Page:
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When it Comes to Bernie Madoff, Congress is More to Blame Than the SEC

Feb 09, 2009 | Updated May 25, 2011

My question of the day is, "Why is Congress having hearings to investigate the Securities and Exchange Commission?" If it's looking for the real culprit to blame in the Bernie Madoff Ponzi scheme, Congress needs only to look in its collective mirror.

Before I became a "recovering attorney," I practiced law for 15 years, several of them as an enforcement attorney at the SEC. I was ready to fight fraud! I was ready to investigate! I was ready to take on the bad guys!

Reality, however, didn't take long to set in. My new business cards were barely back from the printer when I realized that the SEC staff is always fighting an uphill battle and would never be able to truly protect investors and fight fraud in any significant way. The bureaucracy was too overwhelming, the procedural hoops too daunting and the staff would never have the resources it needed to do the job the right way.

Why? Money and influence. Two things the SEC needs and has little of. Two things that corporations and investment bankers have in buckets. Remember Enron? WorldComm? Den of Thieves?

The tag line of the SEC has long been "the investor's advocate." But the agency's effectiveness has been taken apart piece by piece because of the ridiculous beliefs held by many that self-regulation in the economic marketplace was a logical thing. Even Alan Greenspan is now shocked that he was so wrong for so long about his theories that ultimately replaced the initial premise of why a federal securities regulator was needed -- to compel corporations to tell the truth their securities and to make brokers, dealers and stock exchanges put the interests of investors first.

The SEC's noble purpose was probably doomed from the start. Sure, it can keep an eye on some things going on in the markets. But as a relatively small federal agency, it has always been underfunded and understaffed. The odds have been stacked against the Commission when it comes to keeping corporate greed at bay.

On top of that, many people who decide to work there do so to develop an area of expertise so they can leave in a few years and go make the real bucks in the private sector. The SEC suffers from constant turnover and loss of institutional knowledge. A great case might be underway, but if the attorney who's worked on it for two years leaves, someone else has to pick it up and learn it all over again, delaying an investigation or putting it on the back burner permanently.

The world that the SEC regulates knows that and counts on the perennial lack of resources and staff turnover. The individuals and corporations I investigated did everything they could to stall and draw out the process, by contesting subpoenas for documents and testimony they knew they would eventually have to comply with or by complaining to my supervisors that I was on the wrong track, in the hopes that I would either leave or get bored and frustrated and move on to another case.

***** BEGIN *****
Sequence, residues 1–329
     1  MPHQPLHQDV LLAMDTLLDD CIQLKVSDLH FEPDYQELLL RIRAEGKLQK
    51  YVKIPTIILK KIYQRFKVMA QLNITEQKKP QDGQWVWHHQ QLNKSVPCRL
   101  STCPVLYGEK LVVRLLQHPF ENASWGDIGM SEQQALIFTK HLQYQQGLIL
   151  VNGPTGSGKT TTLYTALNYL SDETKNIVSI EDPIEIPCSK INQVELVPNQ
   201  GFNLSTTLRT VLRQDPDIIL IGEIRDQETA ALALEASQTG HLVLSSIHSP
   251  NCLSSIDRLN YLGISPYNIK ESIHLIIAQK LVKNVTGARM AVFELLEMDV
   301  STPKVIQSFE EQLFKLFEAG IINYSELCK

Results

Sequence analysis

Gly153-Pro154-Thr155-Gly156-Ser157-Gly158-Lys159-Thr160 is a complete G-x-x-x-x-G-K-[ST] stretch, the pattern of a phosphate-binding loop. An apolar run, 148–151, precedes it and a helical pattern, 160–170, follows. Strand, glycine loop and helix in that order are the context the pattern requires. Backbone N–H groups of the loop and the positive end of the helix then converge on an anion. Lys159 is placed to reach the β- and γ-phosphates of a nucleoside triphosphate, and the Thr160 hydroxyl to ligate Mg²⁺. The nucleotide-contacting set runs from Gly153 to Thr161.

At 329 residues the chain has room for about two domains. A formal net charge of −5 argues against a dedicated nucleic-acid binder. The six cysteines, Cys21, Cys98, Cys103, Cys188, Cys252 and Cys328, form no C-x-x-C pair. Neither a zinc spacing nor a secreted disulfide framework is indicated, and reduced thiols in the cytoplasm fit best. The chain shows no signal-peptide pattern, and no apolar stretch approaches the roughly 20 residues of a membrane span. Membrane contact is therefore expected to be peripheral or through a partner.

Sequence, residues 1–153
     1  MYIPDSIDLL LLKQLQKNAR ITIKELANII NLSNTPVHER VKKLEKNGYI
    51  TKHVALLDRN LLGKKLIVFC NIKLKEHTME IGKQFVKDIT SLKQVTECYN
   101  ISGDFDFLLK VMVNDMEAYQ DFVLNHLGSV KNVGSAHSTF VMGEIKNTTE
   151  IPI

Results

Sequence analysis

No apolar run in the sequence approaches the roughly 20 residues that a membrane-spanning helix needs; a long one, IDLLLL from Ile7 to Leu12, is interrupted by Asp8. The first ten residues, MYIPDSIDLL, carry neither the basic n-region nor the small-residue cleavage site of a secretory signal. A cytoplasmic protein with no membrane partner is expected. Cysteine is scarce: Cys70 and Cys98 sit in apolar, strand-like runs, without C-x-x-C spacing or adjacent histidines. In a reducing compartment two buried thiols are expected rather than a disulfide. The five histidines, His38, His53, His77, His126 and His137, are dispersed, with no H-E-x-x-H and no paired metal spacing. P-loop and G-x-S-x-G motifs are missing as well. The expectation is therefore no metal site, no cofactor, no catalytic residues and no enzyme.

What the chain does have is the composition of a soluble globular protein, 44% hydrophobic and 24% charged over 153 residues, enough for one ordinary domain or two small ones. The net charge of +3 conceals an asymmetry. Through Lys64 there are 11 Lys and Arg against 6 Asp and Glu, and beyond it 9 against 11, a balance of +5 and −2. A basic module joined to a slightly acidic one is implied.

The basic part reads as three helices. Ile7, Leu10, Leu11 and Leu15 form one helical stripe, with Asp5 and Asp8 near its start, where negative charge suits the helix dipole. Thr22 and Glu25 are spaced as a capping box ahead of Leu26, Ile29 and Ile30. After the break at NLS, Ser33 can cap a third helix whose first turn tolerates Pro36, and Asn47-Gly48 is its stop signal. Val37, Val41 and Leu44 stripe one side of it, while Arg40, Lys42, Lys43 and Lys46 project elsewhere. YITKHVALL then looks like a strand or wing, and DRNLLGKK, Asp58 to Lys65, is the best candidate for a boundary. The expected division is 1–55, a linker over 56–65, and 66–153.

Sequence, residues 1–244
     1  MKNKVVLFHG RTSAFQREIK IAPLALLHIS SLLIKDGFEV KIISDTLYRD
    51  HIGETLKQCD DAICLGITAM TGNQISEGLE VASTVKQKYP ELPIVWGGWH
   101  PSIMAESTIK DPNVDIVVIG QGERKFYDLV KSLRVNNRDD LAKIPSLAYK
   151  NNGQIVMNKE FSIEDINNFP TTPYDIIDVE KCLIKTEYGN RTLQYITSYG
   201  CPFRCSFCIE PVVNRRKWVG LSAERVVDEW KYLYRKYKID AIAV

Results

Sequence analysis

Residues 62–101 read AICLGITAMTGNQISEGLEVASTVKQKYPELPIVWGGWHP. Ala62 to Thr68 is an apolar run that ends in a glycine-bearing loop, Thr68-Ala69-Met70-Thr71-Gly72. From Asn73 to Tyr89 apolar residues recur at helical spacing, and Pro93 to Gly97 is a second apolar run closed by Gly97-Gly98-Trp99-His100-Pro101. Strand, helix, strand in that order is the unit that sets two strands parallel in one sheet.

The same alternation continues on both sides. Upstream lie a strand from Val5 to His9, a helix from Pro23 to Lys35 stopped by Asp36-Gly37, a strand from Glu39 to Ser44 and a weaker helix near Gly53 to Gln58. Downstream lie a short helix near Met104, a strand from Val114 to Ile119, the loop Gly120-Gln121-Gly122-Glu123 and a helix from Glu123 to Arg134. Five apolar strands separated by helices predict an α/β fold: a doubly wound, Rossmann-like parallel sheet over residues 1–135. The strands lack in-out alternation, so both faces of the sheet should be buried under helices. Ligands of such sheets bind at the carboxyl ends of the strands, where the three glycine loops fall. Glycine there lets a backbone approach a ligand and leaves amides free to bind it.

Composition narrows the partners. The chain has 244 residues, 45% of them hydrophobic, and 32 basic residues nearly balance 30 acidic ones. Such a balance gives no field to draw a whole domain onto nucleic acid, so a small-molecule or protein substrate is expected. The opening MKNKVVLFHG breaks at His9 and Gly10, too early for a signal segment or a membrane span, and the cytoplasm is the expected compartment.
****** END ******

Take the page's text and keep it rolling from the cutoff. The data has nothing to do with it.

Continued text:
So as Congress is getting ready to point the finger at the SEC for falling down on the job and searches for the underling who will inevitably have to take the fall, it had better get ready to own up to its share of the blame. Congress decides how much money (and, therefore, power) the SEC gets, and I can tell you it's standard practice for Congress to whittle away at the agency's budget or to say it can hire many new attorneys, but then refuse to fund the positions.

There have been a few who have tried to change things to make the playing field more level. But they've failed. The corporations and entities that are regulated spend much time and money on lobbyists to protect their interests, not the interests of the investors. SEC attorneys don't have their own set of lobbyists; they only have their own personal motivation and professional pride to see things through. That just isn't enough.

The SEC needs some sharpened fangs, not just a new set of ill-fitting dentures, if anything is going to really change for investor protection. Even though Congress claims it's serious this time, I'm not holding my breath that the money for that trip to the regulatory dentist is going to happen any time soon.

Joanne Bamberger is a professional writer and political anaylst in Washington, D.C., and the founder of the political blog, PunditMom. She is also a Contributing Editor for Politics & News at BlogHer. Her commentary has appeared on CNN, Fox News, BBC Radio, and many others.